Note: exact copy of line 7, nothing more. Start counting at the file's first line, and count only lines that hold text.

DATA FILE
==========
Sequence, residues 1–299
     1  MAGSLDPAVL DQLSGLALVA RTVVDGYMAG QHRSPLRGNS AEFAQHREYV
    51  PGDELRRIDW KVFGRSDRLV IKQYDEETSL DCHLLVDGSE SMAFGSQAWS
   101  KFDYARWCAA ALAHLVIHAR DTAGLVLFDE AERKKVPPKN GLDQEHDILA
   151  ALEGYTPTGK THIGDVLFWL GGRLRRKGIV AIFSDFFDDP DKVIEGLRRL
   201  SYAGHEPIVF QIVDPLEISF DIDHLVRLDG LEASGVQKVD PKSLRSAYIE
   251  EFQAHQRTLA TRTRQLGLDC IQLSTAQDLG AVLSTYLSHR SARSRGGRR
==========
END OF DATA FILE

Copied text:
   251  EFQAHQRTLA TRTRQLGLDC IQLSTAQDLG AVLSTYLSHR SARSRGGRR